“Even allowing for political hyperbole, the Populist claim was essentially true. The Populist Party, like many American institutions at that time, was divided internally over issues of race, geography, economic orientation, and general political loyalty. Although the Populists elected state and local officials, and affected legislation in local areas, their national impact was restricted by the usual limitations on third parties. But in that platform of 1892 they laid out a program of reform designed to help the small farmer, the small businessman and all others who saw themselves as victims of capitalist power. The party disappeared following the election of 1896, when they endorsed Democratic candidate William Jennings Bryan, who had addressed Populist concerns in his famous “Cross of Gold” speech. By tying themselves to a major party, the Populists lost their identity and went out of existence.”***
A Triumph for Progressivism
Curiously, it was a Republican who next took up the banner. This culminated in the rise of Teddy Roosevelt in New York. When the New York political machine tired of TRs “progressive” interference in their control of the state. Thus they nominated him for VP. This position of VP was meant to ensure that TR would be able “to do no damage” to what the elite wanted; however, when Mr. McKinley was assassinated TR became President and he oversaw the implementation of some progressive programs.
Then a Setback
However, once this “progressive” movement had been “mainstreamed” into the two major political parties it was co-opted ensuring its demise and the rise of the corporatist era of the 1920s whose “financial excesses” created the conditions that caused the great crash of 1929. In 1913 the “liberal” (Democratic term or the Republican appropriated “progressive”) Woodrow Wilson oversaw the creation of the Federal Reserve Banking System, a system entirely independent of any and all publicly elected officials and held to account by no one except Wall Street and its financiers who staff, run and manage it. Then after the “Great War” Mr. Wilson engaged in a witch hunt called the “Red Scare” where all truly progressive minded people were targeted for either jail, “repatriation,” or marginalization at the very least. This witch hunt greatly retarded the development of the Labor Movement. And enacting a ban on the domestic distribution of drugs is the Harrison Narcotic Act which eventually led to the present day “War on Drugs” that is so devastating to so many communities in the US today.
A Bold New Hero
When the excesses of the 1920s came to a head in 1929 with the great crash of Wall Street precipitating the Great Depression came another rise in third party politics. The strongest of these was the Socialist and Communist parties. With the election of TR’s cousin Franklin Delano Roosevelt in 1932 (who ran on an essentially “austerity,” “balancing the budget” platform) the Labor Movement, esp., the CIO which was very closely aligned with the Communist Party gave FDR an ultimatum. Either work for the welfare of the common working class or face a revolution from below. FDR wisely chose to work with what became his base for the rest of his presidency and his life. But this shift to the left by FDR and the creation of the New Deal came because of a very strong “Third Party” style movement. Even after some initial successes in rejuvenating the economy FDR in 1936 reverted back to his root philosophy and tried to “balance the budget” which was a disaster and was thus forced back to the positions of his “third party” challengers into a fuller implication of the New Deal.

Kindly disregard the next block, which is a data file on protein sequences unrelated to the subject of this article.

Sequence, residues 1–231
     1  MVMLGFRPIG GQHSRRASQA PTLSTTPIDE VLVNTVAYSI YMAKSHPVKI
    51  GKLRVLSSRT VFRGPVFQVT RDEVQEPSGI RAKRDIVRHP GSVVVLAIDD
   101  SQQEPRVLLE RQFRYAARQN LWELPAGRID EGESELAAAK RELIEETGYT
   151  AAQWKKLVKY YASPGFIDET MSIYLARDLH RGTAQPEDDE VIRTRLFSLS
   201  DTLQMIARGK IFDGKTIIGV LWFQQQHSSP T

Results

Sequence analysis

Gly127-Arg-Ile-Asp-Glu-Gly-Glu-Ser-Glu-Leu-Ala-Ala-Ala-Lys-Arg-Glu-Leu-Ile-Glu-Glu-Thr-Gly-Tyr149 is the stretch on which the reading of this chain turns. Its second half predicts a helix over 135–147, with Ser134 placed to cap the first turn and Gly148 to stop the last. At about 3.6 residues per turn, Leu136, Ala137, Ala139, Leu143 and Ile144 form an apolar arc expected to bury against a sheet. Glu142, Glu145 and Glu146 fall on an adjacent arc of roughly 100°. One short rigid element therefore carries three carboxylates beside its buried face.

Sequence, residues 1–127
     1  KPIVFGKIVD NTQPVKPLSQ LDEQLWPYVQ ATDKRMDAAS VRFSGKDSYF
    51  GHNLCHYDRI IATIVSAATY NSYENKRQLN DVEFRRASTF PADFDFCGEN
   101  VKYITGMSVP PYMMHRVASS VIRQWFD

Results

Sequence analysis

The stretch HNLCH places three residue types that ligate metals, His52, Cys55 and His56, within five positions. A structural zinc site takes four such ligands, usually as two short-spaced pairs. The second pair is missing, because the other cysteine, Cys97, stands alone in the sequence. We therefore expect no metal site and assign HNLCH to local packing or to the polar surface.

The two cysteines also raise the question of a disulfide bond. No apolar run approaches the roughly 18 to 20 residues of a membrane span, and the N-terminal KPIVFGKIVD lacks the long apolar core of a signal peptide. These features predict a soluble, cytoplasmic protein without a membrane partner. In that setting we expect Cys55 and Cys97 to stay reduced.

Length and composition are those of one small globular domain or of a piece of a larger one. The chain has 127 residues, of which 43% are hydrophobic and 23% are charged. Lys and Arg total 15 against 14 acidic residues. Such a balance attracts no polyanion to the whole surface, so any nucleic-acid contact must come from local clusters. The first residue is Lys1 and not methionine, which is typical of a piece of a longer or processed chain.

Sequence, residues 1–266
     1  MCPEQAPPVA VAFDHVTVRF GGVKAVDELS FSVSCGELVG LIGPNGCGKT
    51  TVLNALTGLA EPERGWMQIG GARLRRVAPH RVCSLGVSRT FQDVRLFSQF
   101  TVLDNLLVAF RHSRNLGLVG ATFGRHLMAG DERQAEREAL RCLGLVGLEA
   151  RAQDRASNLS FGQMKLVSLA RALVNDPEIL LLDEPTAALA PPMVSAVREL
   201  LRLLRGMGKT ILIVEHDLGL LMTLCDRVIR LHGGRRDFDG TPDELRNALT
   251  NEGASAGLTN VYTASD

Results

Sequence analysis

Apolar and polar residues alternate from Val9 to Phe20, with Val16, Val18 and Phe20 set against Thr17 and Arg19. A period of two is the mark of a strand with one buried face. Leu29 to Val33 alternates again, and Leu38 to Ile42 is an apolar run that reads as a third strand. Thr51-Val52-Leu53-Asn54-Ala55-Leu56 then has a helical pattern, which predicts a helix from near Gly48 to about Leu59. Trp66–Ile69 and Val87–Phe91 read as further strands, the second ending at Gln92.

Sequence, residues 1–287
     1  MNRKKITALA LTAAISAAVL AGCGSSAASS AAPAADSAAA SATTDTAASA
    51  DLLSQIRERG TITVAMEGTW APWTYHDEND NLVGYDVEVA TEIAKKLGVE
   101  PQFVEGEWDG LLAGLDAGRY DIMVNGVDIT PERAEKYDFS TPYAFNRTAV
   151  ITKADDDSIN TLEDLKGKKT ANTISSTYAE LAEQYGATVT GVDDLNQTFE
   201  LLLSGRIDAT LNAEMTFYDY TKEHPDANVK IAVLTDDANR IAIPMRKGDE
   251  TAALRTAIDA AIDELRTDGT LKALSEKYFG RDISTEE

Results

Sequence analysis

The Retreat to Neoliberalism Begins
Then with the “Party Establishment” elites refusal to accept Henry A Wallace, a true progressive, as FDR’s VP again in 1944 the shift of the party away from a “people centered” New Deal party began a long and torturous trek. This trek began by securing a more “corporate compliant” party under Harry S Truman to follow Mr. Roosevelt****. With this shift came the assurance of the “COLD WAR” and the vast profits enjoyed therefrom by the “War Industries” or what Eisenhower later called the “Military-Industrial Complex.” In his original draft of that speech Mr. Eisenhower has penciled in the words, “Military-Industrial-Congressional Complex” but thought that might create too strong a reaction among elected officials.
(Whether you approve of the conduct of the “Cold War” or not, you have to face the immense wealth it generated and concentrated into the hands of few Industrialists.)
Thus once again the two Major Parties were used to co-opt progressive movements and to effectively eliminate their threat to the established wealthy elite by way of those elite buying the party apparatus. Even if we are able to “turn” the Democratic Party “back” into a progressive party it wouldn’t be long before the oligarchy repurchased it. So, in my personal opinion something entirely new, like a total reorganization of the economy, has to be tried. For as the medieval North African philosopher said, “For those that do not learn the lessons of history they are doomed to repeat those lessons.”
Roger W. Mills, II
* (This of course lead to the political devision that was used as an excuse for the Southern “Slave-holding” states to secede and form the Confederate States of America.)
** Teaching Eleanor Roosevelt Glossary / The Progressive Era (1890 – 1920)
*** The Progressive Era: The Great Age of Reform
**** Wallace had enjoyed an approval rating among the delegates of the convention in excess of 60%, but he was replaced by Truman who had an approval rating of just 2%. Thus Truman owed his entire political fortunes to the wealthy elite.